INTERVIEW: Female Saudi driver feels right at home at Diriyah E-Prix

21/02/21

Saudi driver Reema Al-Juffali

Formula 4 driver Al-Juffali has high aspirations as 2021 Formula E season gets underway
RIYADH: Ahead of the 2021 Diriyah E-Prix double-header on Friday, Arab News caught up with Reema Al-Juffali, one of Saudi Arabia’s rising stars in motorsports. Al-Juffali, 29, talked about Formula E, sustainability and her dream race.

Q: You made history in Diriyah by becoming the first female racer to drive competitively in the Kingdom during the Jaguar I-Pace. What did that moment mean to you?

That was a day of many firsts for me and one I will cherish for the rest of my life. It was my first time racing in an electric car and my first time racing in an international event on home soil, so it was truly a historic moment for me and my country. I was so fortunate to have the opportunity to race in front of home fans and it was the highlight of my career so far. Hopefully, there will be many more opportunities like this in the future.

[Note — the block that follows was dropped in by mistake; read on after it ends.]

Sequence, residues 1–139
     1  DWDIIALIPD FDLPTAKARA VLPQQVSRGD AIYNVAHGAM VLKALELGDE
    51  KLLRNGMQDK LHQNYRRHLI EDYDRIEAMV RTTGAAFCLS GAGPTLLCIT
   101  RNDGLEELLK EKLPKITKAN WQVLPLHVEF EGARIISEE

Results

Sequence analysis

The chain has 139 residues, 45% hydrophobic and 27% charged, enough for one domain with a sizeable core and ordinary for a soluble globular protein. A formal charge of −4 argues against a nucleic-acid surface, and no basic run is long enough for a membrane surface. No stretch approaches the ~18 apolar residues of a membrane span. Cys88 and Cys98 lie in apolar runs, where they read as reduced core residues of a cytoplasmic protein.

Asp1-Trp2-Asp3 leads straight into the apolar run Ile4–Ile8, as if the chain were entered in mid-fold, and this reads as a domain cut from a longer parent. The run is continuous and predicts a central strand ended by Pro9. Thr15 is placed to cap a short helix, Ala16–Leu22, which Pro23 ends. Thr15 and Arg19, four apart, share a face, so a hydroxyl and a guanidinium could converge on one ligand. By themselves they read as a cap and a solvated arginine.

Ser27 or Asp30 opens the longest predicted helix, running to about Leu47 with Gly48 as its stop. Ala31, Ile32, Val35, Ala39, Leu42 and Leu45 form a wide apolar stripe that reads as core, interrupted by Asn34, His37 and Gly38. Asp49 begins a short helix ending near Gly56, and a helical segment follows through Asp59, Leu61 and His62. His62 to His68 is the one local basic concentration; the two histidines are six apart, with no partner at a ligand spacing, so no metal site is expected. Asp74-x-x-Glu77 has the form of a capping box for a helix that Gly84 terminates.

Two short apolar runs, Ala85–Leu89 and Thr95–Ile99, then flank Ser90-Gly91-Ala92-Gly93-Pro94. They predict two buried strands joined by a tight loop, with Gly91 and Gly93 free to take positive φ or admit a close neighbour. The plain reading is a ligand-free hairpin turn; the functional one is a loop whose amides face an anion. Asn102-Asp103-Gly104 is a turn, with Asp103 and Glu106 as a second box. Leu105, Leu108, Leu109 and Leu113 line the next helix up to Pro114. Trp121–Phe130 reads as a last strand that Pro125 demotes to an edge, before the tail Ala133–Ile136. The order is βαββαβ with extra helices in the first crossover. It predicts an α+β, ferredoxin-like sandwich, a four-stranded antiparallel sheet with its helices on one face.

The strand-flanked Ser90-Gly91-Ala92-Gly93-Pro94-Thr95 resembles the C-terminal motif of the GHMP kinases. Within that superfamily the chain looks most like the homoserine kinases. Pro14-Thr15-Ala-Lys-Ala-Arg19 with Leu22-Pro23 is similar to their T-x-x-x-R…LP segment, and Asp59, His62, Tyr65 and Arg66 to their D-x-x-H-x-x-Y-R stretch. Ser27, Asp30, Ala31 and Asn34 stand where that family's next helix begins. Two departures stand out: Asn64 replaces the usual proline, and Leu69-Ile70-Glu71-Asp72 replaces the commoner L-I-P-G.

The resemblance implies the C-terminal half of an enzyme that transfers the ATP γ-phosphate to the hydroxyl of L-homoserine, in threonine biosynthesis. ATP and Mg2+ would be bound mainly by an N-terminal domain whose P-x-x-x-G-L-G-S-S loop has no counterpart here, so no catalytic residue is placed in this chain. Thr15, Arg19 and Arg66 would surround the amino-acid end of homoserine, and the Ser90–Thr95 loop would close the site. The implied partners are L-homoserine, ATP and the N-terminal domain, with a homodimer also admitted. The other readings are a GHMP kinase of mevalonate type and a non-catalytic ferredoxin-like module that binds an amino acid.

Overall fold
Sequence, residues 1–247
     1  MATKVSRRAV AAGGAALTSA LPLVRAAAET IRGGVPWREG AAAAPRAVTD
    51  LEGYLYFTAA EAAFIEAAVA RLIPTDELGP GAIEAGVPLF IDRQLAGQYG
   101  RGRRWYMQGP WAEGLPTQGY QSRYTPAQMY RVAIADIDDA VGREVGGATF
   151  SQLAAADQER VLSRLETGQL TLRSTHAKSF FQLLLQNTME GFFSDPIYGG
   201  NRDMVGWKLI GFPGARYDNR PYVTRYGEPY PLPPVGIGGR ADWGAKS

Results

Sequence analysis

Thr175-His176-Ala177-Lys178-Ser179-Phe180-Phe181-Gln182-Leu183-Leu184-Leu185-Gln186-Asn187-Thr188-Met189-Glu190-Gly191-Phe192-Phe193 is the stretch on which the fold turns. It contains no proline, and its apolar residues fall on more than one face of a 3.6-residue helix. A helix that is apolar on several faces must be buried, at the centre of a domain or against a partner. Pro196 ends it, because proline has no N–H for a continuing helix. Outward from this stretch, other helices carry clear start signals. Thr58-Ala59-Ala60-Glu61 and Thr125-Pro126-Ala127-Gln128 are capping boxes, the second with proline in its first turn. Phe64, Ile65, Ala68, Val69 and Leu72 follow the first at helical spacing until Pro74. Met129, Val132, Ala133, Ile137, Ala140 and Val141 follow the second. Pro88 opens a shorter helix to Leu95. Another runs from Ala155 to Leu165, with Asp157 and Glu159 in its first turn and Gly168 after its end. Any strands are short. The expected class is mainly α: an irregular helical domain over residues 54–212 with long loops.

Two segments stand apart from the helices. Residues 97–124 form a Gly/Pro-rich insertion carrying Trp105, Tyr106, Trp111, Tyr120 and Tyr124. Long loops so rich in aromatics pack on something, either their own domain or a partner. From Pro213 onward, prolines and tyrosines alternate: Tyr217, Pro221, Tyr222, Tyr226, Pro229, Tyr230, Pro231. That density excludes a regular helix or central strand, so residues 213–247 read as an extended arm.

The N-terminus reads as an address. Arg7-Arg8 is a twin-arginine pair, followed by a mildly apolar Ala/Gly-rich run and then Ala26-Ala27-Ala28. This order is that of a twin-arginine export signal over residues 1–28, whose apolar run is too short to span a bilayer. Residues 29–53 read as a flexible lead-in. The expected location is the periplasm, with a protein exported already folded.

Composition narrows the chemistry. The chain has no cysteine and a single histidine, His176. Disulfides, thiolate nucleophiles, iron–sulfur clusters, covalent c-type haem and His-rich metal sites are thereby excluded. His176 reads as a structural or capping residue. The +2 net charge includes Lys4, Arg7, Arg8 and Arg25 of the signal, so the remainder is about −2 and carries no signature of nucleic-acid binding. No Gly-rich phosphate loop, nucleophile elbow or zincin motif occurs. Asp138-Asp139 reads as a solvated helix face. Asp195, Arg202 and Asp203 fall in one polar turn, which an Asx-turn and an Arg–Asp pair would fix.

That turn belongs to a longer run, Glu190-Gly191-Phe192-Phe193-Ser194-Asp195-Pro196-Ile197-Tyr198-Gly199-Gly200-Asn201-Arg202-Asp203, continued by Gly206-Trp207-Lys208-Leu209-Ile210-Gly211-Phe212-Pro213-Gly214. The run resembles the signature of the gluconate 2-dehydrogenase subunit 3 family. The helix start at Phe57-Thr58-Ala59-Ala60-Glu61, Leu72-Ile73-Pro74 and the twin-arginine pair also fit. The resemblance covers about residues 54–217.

Q: The Diriyah Circuit has become one of the more iconic circuits in Formula E. What do you think makes it so special?

The circuit has been hailed by many drivers as a very unique and challenging track to drive. I think part of this is because we have the world’s most modern motorsport taking place on a site that honors the Kingdom’s past. It is a very special combination. Racing in the heart of Diriyah gives you a very strong feeling of connection to our Kingdom’s history. For me, having never raced on a street circuit before, I had to adjust to being closer to the walls while driving an electric car but it is something I love and will never forget.